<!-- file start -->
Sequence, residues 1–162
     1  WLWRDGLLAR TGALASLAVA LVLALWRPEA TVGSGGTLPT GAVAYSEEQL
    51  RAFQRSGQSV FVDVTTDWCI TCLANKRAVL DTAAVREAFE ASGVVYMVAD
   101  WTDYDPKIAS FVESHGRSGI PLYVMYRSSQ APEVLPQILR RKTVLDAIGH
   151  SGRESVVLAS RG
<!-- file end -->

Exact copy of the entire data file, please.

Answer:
Sequence, residues 1–162
     1  WLWRDGLLAR TGALASLAVA LVLALWRPEA TVGSGGTLPT GAVAYSEEQL
    51  RAFQRSGQSV FVDVTTDWCI TCLANKRAVL DTAAVREAFE ASGVVYMVAD
   101  WTDYDPKIAS FVESHGRSGI PLYVMYRSSQ APEVLPQILR RKTVLDAIGH
   151  SGRESVVLAS RG